Page by Page Books
Read Books Online, for Free
0105_001E Part I Edith Wharton

Chapter II

Page 2 of 4

Table Of Contents: The Glimpses of the Moon

Previous Page

Next Page

Previous Chapter

Next Chapter

More Books

More by this Author

His thoughts travelled on. He recalled the long dull spring in New York after his break with Susy, the weary grind on his last articles, his listless speculations as to the cheapest and least boring way of disposing of the summer; and then the amazing luck of going, reluctantly and at the last minute, to spend a Sunday with the poor Nat Fulmers, in the wilds of New Hampshire, and of finding Susy there--Susy, whom he had never even suspected of knowing anybody in the Fulmers' set!

She had behaved perfectly--and so had he--but they were obviously much too glad to see each other. And then it was unsettling to be with her in such a house as the Fulmers', away from the large setting of luxury they were both used to, in the cramped cottage where their host had his studio in the verandah, their hostess practiced her violin in the dining-room, and five ubiquitous children sprawled and shouted and blew trumpets and put tadpoles in the water-jugs, and the mid-day dinner was two hours late-and proportionately bad--because the Italian cook was posing for Fulmer.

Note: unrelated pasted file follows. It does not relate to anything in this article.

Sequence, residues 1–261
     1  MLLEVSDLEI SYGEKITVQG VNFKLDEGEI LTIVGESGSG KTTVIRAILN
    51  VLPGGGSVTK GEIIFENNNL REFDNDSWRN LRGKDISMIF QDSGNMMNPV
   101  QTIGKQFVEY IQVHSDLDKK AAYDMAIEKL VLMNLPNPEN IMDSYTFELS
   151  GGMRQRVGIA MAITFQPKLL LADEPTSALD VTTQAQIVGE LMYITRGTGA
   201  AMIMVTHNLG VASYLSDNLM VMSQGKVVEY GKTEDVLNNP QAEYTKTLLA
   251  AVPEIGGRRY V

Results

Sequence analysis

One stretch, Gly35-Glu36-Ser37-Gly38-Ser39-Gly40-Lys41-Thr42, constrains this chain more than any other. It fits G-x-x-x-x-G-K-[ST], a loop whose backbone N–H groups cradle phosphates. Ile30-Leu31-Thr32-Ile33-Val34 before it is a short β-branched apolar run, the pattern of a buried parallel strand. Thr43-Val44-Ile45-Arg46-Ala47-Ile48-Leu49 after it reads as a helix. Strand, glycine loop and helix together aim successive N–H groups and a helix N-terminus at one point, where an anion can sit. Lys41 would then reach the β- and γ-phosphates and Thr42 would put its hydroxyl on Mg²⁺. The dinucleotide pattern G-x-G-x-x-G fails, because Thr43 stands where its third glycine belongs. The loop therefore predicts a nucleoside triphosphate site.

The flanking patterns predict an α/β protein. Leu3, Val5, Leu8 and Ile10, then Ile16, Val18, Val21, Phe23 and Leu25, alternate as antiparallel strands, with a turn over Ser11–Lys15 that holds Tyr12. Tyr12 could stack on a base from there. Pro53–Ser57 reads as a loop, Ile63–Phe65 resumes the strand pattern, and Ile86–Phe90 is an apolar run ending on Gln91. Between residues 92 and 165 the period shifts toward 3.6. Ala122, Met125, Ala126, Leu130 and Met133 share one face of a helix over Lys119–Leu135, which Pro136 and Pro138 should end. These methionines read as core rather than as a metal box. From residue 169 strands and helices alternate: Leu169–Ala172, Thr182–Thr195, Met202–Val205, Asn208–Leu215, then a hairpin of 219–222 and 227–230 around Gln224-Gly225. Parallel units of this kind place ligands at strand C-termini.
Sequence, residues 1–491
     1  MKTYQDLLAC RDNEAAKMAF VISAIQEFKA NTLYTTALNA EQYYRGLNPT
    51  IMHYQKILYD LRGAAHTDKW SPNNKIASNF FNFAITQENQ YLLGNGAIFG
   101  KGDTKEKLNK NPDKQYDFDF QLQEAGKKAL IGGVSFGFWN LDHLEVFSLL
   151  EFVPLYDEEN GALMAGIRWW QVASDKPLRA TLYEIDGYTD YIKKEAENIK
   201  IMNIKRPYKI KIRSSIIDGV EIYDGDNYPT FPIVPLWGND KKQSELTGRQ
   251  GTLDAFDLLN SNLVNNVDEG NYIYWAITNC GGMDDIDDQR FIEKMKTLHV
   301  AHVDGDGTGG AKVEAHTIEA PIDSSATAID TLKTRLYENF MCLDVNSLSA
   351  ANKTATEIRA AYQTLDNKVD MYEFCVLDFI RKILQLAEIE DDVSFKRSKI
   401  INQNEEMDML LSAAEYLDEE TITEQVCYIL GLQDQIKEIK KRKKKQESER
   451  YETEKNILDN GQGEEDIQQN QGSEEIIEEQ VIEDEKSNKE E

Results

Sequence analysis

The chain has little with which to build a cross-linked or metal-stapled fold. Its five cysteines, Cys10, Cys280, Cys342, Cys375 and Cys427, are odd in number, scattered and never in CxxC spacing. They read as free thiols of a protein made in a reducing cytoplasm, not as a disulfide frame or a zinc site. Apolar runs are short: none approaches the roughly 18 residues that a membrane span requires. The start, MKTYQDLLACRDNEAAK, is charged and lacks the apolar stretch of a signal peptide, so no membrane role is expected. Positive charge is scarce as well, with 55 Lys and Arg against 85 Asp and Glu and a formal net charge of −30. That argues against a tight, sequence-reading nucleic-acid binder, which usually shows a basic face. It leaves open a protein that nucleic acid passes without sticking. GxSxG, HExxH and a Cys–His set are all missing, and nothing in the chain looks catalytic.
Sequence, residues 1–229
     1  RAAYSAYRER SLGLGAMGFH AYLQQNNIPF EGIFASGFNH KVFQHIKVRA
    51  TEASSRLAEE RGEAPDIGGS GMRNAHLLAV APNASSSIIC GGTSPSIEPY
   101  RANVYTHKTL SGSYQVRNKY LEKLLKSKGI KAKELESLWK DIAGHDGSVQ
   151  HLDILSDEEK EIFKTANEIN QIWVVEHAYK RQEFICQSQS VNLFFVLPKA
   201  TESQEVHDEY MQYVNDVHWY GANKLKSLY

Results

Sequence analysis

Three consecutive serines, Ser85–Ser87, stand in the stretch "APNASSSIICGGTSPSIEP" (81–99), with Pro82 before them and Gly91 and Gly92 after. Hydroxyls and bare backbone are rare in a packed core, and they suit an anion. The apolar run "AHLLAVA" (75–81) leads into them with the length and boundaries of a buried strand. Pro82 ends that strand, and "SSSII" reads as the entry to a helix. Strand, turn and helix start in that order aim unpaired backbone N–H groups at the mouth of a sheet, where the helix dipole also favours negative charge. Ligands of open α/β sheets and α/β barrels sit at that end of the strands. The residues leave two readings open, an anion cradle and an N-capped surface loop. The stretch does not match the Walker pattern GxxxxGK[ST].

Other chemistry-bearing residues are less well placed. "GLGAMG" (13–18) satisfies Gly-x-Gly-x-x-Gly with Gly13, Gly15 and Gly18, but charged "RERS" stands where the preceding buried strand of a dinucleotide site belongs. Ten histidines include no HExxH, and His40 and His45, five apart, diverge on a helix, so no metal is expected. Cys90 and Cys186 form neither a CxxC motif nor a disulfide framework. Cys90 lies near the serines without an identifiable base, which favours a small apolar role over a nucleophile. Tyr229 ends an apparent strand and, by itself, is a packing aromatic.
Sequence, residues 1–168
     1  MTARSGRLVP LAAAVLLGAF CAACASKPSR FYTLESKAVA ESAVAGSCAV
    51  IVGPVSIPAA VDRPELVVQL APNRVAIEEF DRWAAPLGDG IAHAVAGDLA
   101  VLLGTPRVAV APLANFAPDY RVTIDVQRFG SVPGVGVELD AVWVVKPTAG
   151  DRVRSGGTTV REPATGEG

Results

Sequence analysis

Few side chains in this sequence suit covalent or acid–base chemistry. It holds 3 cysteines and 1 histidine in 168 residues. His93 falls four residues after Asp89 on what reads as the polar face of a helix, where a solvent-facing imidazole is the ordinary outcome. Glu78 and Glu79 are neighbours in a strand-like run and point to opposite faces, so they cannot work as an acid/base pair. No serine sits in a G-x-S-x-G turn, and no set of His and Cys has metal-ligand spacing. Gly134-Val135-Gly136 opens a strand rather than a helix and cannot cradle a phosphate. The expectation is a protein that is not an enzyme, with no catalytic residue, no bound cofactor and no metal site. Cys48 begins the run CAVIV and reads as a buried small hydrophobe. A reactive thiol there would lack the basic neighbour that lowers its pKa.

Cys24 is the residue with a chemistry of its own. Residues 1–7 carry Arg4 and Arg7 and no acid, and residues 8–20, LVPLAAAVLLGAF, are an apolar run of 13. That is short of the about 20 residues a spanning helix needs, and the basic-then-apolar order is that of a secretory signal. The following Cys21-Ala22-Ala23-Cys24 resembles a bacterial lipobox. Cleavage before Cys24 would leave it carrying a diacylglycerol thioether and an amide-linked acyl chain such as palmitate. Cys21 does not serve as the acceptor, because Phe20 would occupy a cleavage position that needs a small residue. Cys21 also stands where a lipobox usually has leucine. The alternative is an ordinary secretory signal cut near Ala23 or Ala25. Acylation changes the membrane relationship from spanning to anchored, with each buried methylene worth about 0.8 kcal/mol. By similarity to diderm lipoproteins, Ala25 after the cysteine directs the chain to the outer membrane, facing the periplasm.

Lansing's first thought had been that meeting Susy in such circumstances would be the quickest way to cure them both of their regrets. The case of the Fulmers was an awful object-lesson in what happened to young people who lost their heads; poor Nat, whose pictures nobody bought, had gone to seed so terribly-and Grace, at twenty-nine, would never again be anything but the woman of whom people say, "I can remember her when she was lovely."

We have hundreds more books for your enjoyment. Read them all!

But the devil of it was that Nat had never been such good company, or Grace so free from care and so full of music; and that, in spite of their disorder and dishevelment, and the bad food and general crazy discomfort, there was more amusement to be got out of their society than out of the most opulently staged house-party through which Susy and Lansing had ever yawned their way.

It was almost a relief to tile young man when, on the second afternoon, Miss Branch drew him into the narrow hall to say: "I really can't stand the combination of Grace's violin and little Nat's motor-horn any longer. Do let us slip out till the duet is over."

"How do they stand it, I wonder?" he basely echoed, as he followed her up the wooded path behind the house.

"It might be worth finding out," she rejoined with a musing smile.

But he remained resolutely skeptical. "Oh, give them a year or two more and they'll collapse--! His pictures will never sell, you know. He'll never even get them into a show."

"I suppose not. And she'll never have time to do anything worth while with her music."

They had reached a piny knoll high above the ledge on which the house was perched. All about them stretched an empty landscape of endless featureless wooded hills. "Think of sticking here all the year round!" Lansing groaned.

"I know. But then think of wandering over the world with some people!"

Page 2 of 4 Previous Page   Next Page
Who's On Your Reading List?
Read Classic Books Online for Free at
Page by Page Books.TM
The Glimpses of the Moon
Edith Wharton

Home | More Books | About Us | Copyright 2004